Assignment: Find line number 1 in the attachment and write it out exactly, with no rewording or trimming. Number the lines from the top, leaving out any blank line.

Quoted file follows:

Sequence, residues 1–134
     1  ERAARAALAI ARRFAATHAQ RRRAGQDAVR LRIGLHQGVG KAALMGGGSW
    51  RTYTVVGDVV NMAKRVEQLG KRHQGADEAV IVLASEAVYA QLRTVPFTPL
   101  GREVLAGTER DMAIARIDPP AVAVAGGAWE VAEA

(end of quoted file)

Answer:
Sequence, residues 1–134